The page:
Multiple BGP implementations have been identified as vulnerable to specially crafted Path Attributes of a BGP UPDATE. Instead of ignoring invalid updates they reset the underlying TCP connection for the BGP session and de-peer the router.
This is undesirable because a session reset impacts not only routes with the BGP UPDATE but also the other valid routes exchanged over the session. RFC 7606 Introduction
The Border Gateway Protocol (BGP, RFC 4271) is a widely used inter-Autonomous System routing protocol. BGP communication among peer routers is critical to the stable operation of the Internet. A number of known BGP security issues were addressed in RFC 7606 Revised Error Handling for BGP UPDATE Messages in 2015.
Recent reports indicate that multiple BGP implementations do not properly handle specially crafted Path Attributes in the BGP UPDATE messages. An attacker with a valid, configured BGP session could inject a specially crafted packet into an existing BGP session or the underlying TCP session (179/tcp). A vulnerable BGP implementation could drop sessions when processing crafted UPDATE messages. A persistent attack could lead to routing instability (route flapping).
This vulnerability was first announced as affecting OpenBSD based routers. Further investigation indicates that other vendors are affected by the same or similar issues. Please see the Systems Affected section below.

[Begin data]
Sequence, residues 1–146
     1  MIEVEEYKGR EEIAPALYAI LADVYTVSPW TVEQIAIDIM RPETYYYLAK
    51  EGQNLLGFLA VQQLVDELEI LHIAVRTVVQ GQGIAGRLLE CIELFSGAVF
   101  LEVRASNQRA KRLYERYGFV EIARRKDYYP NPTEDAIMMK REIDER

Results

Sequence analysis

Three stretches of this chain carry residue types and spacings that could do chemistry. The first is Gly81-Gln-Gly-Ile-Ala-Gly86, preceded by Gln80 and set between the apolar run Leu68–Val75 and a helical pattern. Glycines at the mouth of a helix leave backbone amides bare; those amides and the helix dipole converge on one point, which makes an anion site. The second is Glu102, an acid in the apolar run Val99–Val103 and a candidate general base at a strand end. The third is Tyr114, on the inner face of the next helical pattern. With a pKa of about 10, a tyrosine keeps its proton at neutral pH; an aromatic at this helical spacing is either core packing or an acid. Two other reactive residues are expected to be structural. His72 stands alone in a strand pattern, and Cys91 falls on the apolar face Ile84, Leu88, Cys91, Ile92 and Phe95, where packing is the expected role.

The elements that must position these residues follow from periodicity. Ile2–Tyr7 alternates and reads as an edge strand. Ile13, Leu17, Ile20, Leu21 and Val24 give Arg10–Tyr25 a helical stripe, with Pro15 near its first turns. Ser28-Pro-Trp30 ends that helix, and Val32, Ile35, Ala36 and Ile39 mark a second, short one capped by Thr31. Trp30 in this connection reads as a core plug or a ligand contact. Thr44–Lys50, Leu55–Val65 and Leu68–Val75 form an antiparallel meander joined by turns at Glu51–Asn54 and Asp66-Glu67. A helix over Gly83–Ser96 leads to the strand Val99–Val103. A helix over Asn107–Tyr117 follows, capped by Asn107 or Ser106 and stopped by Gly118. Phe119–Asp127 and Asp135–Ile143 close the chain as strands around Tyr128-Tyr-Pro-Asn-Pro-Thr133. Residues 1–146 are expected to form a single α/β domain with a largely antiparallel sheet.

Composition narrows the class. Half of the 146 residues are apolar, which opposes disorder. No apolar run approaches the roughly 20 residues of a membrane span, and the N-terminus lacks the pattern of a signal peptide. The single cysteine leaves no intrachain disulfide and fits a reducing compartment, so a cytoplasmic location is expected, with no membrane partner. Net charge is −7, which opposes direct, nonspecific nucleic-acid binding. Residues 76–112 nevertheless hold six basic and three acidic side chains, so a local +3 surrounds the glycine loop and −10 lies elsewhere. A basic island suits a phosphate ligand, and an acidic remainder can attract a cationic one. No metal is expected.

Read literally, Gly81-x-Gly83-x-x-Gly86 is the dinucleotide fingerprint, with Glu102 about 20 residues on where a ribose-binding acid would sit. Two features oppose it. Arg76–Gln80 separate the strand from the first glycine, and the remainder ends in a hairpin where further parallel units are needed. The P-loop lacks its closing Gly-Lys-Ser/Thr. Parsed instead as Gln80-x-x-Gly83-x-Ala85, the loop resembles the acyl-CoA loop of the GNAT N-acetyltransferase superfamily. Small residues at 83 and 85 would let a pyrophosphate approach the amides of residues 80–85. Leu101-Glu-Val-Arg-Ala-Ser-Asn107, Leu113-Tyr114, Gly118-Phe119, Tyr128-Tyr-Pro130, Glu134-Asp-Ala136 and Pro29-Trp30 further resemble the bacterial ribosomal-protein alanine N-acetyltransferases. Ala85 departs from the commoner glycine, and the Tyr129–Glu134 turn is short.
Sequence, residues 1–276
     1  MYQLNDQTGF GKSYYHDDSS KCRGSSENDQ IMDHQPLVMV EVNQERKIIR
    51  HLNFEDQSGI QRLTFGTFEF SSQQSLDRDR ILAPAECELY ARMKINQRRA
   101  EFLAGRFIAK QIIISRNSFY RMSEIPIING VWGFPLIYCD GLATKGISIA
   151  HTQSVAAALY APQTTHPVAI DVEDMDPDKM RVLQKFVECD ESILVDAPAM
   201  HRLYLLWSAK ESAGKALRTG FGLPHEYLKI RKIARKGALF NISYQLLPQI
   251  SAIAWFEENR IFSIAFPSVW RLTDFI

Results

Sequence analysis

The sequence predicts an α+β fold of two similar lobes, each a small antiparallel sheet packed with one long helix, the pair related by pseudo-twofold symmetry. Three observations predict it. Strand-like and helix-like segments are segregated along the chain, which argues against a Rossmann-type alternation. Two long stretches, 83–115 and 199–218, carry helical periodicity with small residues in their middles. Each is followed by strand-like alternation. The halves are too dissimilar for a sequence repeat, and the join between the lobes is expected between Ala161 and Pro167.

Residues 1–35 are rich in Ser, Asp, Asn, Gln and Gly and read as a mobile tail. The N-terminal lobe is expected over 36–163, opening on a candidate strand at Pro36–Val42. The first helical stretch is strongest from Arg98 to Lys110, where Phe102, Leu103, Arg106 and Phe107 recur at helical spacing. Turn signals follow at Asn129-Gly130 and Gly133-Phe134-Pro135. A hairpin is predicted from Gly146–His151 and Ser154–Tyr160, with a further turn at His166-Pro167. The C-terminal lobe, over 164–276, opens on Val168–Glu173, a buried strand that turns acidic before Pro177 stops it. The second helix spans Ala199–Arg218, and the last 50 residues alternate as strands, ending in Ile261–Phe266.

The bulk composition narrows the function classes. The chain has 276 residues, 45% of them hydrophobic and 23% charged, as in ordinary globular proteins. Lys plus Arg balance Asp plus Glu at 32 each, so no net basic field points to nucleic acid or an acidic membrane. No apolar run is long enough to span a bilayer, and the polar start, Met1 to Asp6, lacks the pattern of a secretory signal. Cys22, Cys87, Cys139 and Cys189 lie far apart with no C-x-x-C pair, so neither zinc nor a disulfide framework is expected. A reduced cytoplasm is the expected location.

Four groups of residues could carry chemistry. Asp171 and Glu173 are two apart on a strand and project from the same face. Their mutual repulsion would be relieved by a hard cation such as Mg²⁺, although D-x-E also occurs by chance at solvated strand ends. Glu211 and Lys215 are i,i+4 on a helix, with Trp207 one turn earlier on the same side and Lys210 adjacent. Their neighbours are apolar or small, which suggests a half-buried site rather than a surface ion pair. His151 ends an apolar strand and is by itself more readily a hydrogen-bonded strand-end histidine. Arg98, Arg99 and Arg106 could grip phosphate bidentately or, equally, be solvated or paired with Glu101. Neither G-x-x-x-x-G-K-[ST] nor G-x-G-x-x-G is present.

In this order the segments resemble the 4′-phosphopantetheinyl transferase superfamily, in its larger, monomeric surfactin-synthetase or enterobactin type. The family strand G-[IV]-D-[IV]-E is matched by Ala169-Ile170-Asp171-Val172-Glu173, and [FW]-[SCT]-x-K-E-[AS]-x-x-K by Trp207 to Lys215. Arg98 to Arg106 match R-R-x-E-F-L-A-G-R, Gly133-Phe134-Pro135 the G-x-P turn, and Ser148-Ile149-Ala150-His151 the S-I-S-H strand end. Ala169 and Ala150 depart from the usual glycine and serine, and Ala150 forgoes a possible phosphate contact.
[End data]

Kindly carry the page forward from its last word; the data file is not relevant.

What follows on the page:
Here are the CVE IDs that were reserved by the reporter for different vendors that were tested:
A remote attacker could publish a BGP UPDATE with a crafted set of Path Attributes, causing vulnerable routers to de-peer from any link from which such an update were received. Unaffected routers might also pass the crafted updates across the network, potentially leading to the update arriving at an affected router from multiple sources, causing multiple links to fail.
The CERT/CC is currently unaware of a practical solutions for every vendor but some of the vendors allow you to change the response to errors in BGP path updates. Networks using appliances from Juniper and Nokia can mitigate this behavior by enabling:
set protocols bgp bgp-error-tolerance
[router bgp group]
Thanks to the reporter Ben Cartwright-Cox. This document was written by Timur Snoke.